Fritz Lang’s The Blue Gardenia (1953): Summer of Noir GIFs, Day 17

In 1961, Fritz Lang told an interviewer, “Through the detective film, I was looking for a form of social criticism.” Indeed, though less of a who-dun-it than a did-she-do-it, The Blue Gardenia rankles with injustice. Its commentary on Mad Men-era victim-blaming remains startlingly relevant today. (Seriously, consider how many people in positions of power right now equate drunkenness with consent or relativize a woman’s right to control her body. Then try to sleep at night.)

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When Norah Larkin (Anne Baxter), still reeling from a devastating long-distance breakup, goes on a date with predatory Harry Prebble (Raymond Burr), she ends up passed out on his sofa… exactly as Harry had intended. The brute tries to force himself on her, but, fortunately, Norah recovers herself enough to grab a poker from his fireplace and give him a well-deserved whack on the head.

Lang filmed this sequence in the best tradition of noir (and expressionist) subjectivity. The mirror Norah breaks with the swing of her arm seems to stand in for her fragmented memory, giving the key plot point all the jagged, rapid-fire ambiguity of a real-life crisis. As she collapses, a superimposed whirlpool appears to pull her into its depths.

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After she wakes up and flees the scene of the crime, however, Norah becomes the object of a merciless (wo)manhunt, led by a reckless journalist as much as by the cops.

But did Norah actually kill Harry? Because The Blue Gardenia was made under the reign of the Production Code, you can probably guess that our smoky-voiced, platinum-haired heroine did not in fact commit the crime. As it turns out, another of Harry’s discarded victims—whose eyes well up with the same glittering sadness as Baxter’s—cracked him over the head because he refused to take responsibility for the child she’s carrying.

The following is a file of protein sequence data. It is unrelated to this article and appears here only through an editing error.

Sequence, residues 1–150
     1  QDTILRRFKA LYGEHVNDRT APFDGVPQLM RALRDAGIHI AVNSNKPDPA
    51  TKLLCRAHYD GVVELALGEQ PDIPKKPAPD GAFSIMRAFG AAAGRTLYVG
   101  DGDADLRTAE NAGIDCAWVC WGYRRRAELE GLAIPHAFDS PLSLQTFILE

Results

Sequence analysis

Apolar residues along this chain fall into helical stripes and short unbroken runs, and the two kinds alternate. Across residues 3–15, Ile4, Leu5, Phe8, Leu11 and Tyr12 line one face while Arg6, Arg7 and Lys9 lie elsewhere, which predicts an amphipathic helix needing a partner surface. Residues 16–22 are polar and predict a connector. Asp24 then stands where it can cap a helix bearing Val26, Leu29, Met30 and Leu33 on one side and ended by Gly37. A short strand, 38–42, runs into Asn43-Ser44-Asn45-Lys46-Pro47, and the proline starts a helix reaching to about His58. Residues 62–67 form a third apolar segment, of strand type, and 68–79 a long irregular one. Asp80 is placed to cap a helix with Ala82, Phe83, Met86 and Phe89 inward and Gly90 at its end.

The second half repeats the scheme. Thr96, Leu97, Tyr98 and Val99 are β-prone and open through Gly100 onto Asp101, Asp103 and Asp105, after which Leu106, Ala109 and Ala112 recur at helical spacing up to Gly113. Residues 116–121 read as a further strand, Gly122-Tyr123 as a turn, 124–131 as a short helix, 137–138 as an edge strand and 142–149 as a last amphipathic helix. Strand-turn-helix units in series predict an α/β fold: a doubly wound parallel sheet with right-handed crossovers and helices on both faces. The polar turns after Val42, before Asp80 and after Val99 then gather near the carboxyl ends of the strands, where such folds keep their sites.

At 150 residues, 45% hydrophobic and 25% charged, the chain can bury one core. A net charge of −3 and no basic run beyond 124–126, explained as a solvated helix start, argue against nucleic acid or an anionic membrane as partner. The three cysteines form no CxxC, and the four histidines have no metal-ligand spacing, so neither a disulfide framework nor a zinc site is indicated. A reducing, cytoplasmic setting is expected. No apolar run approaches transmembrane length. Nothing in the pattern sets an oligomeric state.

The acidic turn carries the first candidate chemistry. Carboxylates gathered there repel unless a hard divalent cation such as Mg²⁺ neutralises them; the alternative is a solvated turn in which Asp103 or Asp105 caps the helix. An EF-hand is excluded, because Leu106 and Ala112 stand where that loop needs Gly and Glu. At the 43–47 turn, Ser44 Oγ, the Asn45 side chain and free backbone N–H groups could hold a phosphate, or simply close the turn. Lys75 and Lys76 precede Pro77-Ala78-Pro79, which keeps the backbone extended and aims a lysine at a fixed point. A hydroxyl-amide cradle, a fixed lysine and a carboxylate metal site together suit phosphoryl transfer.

Classic Hollywood won’t let anything this bad happen to our protagonist; yet, it’s not difficult to recognize the maddened, sympathetic murderess as a holograph of what might have happened to her—basically an alternate-universe Norah. Just as Norah splits herself into two to evade detection (claiming her friend is “The Blue Gardenia”), the story subdivides her yet again, delivering a happy ending while refusing to absolve society of its wretched misogyny. To my mind, it’s an absolution that has yet to come (or be earned).

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Free Friday Film: Guest in the House (1944)

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“Why is it I like to control people? And when I do, I hate them. Sometimes I wish I was dead. Last night I got so mad at myself that I cut myself. I wonder what it’s like to die. Or to kill someone.” —an entry in Evelyn Heath’s diary

Film noir never ceases to enthrall me with its many shades and flavors. In its most recognizable form the genre conjures visions of crime in an urban environment rife with trench coats, slick sidewalks, and tough-guy wisecracks. Which is why I find a film like Guest in the House pervasively disturbing. We watch as a seaside domestic drama quickly spirals into a noirish psychological thriller. The antiheroine of the film is also not what she seems. Full of clingy hand gestures and breathy fragility, Evelyn Heath, a shrinking violet invalid, turns out to be an emotional vampire, wrecking a happy family as she grows stronger and healthier. There’s a reason why the original title for this movie was “Satan in Skirts”!